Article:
4.) You can run but you can’t hide: John Newton traveled to the ends of the earth, but he couldn’t outrun God’s grace or calling on his life. And neither can we. The sooner we stop hiding or ‘chasing after the wind,’ and start focusing on God’s interests, the better.

5.) God can use it all: In the end God used John Newton’s unique talents and life experiences – even the horrors of slave trading – for his glory, in an utterly original way. Let’s invite him to use ours in similar ways, for we are God’s workmanship created for good works in Christ Jesus.

Let’s pray:

We thank you heavenly Father for touching John Newton’s life in such a powerful way, and for putting new songs in his heart. Fill us with your amazing grace and all-consuming love so that our lives will bless others and glorify you in amazing ways. In Jesus’ name we pray. Amen!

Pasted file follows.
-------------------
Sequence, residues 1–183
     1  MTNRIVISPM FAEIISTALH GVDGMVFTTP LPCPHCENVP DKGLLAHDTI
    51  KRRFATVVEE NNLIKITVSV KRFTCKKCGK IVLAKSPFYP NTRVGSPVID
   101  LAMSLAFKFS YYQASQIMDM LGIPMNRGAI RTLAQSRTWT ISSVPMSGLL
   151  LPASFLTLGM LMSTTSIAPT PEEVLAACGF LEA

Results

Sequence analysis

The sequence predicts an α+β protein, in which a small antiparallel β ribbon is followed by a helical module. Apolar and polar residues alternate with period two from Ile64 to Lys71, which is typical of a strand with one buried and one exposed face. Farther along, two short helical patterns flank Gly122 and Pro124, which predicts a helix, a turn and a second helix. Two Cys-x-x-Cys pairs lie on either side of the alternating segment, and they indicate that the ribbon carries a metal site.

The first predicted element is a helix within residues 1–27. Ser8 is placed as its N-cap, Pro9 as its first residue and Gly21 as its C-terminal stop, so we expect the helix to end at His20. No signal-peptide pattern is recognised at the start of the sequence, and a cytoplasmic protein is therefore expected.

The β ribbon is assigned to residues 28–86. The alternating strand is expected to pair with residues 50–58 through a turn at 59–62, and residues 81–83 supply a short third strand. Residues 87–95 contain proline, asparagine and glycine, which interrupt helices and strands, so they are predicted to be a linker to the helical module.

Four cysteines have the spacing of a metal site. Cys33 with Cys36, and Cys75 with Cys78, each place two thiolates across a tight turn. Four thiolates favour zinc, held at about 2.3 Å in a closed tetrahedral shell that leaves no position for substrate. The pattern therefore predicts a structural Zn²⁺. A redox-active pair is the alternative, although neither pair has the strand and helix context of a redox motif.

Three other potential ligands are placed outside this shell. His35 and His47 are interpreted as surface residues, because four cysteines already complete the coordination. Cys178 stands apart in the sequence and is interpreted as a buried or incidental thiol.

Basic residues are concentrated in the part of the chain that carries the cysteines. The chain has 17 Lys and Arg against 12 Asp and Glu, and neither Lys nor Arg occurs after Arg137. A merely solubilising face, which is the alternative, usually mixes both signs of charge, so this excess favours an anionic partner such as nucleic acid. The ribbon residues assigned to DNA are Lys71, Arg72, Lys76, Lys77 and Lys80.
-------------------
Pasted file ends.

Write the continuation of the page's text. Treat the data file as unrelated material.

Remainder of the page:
Got any related thoughts or experiences?  Please comment at bottom of page.

And be sure to sign up below to receive my blog posts:

Advertisements

One thought on “5 Keys to an ‘Amazing’ life

  1. Scott says:

    Great story JP, keep it up!

Leave a Reply

Fill in your details below or click an icon to log in:

WordPress.com Logo

You are commenting using your WordPress.com account. Log Out / Change )

Twitter picture

You are commenting using your Twitter account. Log Out / Change )

Facebook photo

You are commenting using your Facebook account. Log Out / Change )

Google+ photo

You are commenting using your Google+ account. Log Out / Change )

Connecting to %s

Enter your email address to follow this blog and receive notifications of new posts by email.

Blog Archive

Related Book

%d bloggers like this: